Fourth year apprentices Tim Borg and Shawn Ingram meet with CQUni Vice-Chancellor Nick Klomp and Mayor Margaret Strelow on the Canning St campus
Fourth year apprentices Tim Borg and Shawn Ingram meet with CQUni Vice-Chancellor Nick Klomp and Mayor Margaret Strelow on the Canning St campus

New centre ‘needed for regional recovery and growth’

The Rockhampton region cannot be expected to keep up with competing Queensland regions, nor mount a sustainable post-COVID economic recovery without sophisticated vocational and trades training facilities.

That is the message coming from Capricorn Enterprise CEO Mary Carroll, who yesterday implored Government, industry and community to prioritise the construction of modern TAFE training infrastructure for the Rockhampton region.

“The simple fact is we cannot rely on outdated and obsolete trades training facilities – if we are to support modern contemporary industries in the region,” she said.

“The Canning Street TAFE facilities have exceeded their useful lifespan and are no longer compatible with Rockhampton’s rapidly-modernising industries. We have exceptional TAFE teachers in Rockhampton, but they are being asked to do critical work with ageing facilities.”

The Morning Bulletin reported earlier this month the University is in conversation with Council and other community groups regarding alternate uses for the Canning St campus, should the Government approve the funding bid for the new centre.

Vice-Chancellor Nick Klomp, Adnought Sheet Metal's Greg Adams and Mayor Margaret Strelow call on the State Government to fund a new Centre for Excellence on the North Rockhampton CQUni campus
Vice-Chancellor Nick Klomp, Adnought Sheet Metal's Greg Adams and Mayor Margaret Strelow call on the State Government to fund a new Centre for Excellence on the North Rockhampton CQUni campus

“Without the world-class trades and other vocational training facilities required to meet the critical skills shortages unique to this region, my concern is that we will not reach our peak in infrastructure spending,” Ms Carroll said.

“We risk being left behind other regional centres in our economic recovery, with places like Townsville, Mackay and Gladstone being years ahead in their ability to pivot quickly to develop highly-skilled workers using modern, world-class training facilities.

“The Capricorn region is expected to see $4.5 billion dollars-worth of major infrastructure developments during the coming decade, but we anticipate a shortage of up to 3,000 skilled workers. If this region wants to maximise the economic impact of these investments, we must meet that training shortfall ourselves by skilling local workers for local jobs, right here in Rockhampton.”

Ms Carroll said CQUniversity – the region’s public provider of TAFE training – has prioritised the need for modern new vocational training infrastructure since its merger with CQ TAFE in 2014, and worked closely with industry and Government to develop a blueprint for a $49.8 million TAFE Centre of Excellence.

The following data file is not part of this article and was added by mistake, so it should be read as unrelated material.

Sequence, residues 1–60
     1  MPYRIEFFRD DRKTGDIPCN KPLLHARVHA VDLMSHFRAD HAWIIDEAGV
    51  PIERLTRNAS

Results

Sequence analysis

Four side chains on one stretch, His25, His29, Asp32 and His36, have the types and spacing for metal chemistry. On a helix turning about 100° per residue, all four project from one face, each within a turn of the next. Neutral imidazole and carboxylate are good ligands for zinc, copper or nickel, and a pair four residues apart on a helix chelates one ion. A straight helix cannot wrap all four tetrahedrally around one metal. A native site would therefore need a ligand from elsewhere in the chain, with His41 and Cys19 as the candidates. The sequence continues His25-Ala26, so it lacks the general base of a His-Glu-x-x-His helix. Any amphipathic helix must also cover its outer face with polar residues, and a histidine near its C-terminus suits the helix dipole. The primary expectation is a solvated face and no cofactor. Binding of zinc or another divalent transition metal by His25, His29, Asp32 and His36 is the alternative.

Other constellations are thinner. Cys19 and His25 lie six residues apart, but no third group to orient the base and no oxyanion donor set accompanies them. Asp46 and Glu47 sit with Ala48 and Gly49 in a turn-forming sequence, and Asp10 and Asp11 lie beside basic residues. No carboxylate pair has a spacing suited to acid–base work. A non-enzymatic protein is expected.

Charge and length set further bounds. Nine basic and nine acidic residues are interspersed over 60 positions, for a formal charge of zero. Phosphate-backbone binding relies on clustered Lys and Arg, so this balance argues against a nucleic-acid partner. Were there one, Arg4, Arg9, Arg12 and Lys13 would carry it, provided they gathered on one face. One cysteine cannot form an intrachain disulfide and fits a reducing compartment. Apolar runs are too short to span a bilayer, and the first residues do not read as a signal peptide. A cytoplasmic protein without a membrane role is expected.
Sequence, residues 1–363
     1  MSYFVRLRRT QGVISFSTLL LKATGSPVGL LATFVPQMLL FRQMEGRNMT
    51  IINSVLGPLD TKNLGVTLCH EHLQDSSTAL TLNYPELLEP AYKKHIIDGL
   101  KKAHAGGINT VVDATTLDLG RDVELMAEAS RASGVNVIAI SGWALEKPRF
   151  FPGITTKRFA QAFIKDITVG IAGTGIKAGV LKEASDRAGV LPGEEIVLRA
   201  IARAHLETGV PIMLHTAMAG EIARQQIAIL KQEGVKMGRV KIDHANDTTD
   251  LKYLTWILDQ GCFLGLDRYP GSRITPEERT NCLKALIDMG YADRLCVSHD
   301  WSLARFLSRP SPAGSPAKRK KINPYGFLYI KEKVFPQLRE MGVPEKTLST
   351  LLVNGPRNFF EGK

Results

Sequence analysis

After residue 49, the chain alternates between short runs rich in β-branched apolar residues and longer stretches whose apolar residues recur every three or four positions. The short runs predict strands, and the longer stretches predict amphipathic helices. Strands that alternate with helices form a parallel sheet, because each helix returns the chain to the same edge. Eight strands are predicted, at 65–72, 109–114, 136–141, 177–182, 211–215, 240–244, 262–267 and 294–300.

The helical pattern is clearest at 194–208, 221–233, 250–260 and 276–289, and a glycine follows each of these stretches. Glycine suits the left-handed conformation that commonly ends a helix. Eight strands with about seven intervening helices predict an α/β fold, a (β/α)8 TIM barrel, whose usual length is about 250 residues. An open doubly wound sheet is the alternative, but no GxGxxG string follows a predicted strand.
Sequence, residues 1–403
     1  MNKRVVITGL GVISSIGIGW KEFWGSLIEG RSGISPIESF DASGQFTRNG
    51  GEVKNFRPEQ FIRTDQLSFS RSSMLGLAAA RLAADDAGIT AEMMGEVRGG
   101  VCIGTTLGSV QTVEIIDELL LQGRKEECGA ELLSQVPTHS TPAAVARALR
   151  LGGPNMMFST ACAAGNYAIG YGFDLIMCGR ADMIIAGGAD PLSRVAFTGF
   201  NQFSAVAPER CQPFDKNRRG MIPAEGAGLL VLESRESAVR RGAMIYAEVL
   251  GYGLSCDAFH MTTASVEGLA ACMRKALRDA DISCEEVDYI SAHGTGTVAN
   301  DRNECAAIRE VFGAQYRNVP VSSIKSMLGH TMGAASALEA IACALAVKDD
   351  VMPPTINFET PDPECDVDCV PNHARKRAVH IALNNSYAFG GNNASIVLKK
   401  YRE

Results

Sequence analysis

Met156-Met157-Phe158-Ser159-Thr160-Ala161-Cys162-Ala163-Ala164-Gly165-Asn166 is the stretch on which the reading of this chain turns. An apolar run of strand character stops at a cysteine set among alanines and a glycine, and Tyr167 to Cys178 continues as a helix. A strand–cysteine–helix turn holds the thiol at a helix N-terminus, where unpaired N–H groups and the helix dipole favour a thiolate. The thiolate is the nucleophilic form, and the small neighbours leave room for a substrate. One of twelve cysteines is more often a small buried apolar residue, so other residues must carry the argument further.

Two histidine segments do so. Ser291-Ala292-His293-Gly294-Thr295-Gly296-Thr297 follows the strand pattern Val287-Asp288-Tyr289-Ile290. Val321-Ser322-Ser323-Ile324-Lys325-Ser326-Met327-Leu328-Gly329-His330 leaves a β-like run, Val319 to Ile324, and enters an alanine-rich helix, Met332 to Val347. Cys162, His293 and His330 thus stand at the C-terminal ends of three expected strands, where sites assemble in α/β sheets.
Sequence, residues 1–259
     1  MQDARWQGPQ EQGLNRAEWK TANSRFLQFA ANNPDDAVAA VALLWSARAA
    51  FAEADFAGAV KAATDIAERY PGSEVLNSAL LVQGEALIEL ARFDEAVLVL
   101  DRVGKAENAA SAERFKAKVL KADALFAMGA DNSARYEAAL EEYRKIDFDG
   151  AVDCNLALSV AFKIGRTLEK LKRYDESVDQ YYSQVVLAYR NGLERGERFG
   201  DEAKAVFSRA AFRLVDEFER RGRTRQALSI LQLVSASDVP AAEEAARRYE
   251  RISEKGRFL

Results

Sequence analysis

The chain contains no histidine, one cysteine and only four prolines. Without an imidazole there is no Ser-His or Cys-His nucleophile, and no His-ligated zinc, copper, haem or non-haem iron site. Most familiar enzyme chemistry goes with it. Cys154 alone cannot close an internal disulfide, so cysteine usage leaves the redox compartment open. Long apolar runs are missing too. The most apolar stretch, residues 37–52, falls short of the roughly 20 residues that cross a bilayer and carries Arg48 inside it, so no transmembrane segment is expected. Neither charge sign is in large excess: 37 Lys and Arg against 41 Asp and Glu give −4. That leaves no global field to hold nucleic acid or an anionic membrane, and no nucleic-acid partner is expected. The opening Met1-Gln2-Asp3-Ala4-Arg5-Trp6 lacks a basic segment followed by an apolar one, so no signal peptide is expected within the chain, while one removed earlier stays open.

The $49.8m Central Queensland TAFE Centre of Excellence would see brand new, state-of-the-art vocational and trades training facilities constructed at CQUniversity’s Rockhampton North campus, while allowing the ageing Canning Street facilities to be redeveloped into a future health precinct and other advancements for the broader community.

The proposed new training facility would accommodate far more apprentices and students and offer a comprehensive range of local training options including plumbing, automotive, carpentry, construction, electrical, hospitality, horticulture, health and beauty. Apprentices and students would learn while using the latest specialised industry equipment, including simulation technologies.

Mary Carroll
Mary Carroll

The Central Queensland TAFE Centre of Excellence would be embedded within the university campus, exploiting co-utilisation opportunities with existing engineering facilities and student amenities, the Rockhampton Manufacturing Hub, the Advanced Technology and Innovation Centre, and the Central Queensland School of Mining and Manufacturing.

The expanded new vocational training facilities would allow the region to train an additional 1,100 apprentices and vocational students each year by 2025 (a 20% increase on current levels) growing to an additional 2,500 apprentices and vocational students each year by 2030 (a 44% increase on current levels).

The 26,000 square metres of new facilities would create more than 350 direct and indirect jobs during construction and generate an additional 300 long-term jobs from expanded university operations.

Ms Carroll said the new vocational training facilities embedded within CQUniversity’s Rockhampton North Campus would not only create a super cluster of world class training facilities, but it would also make Rockhampton the future skills capital of regional Queensland.

“The $49.8m Central Queensland TAFE Centre of Excellence would essentially complete the practical merger of CQUniversity with CQ TAFE that the community fought so hard for almost 10 years ago, as one of our Regional Priority Projects,” she said.

“Bringing all of our region’s vocational training together with our tertiary education and research capabilities will create a public economic asset that will help multiply every dollar and job linked to future developments in our region for generations to come.”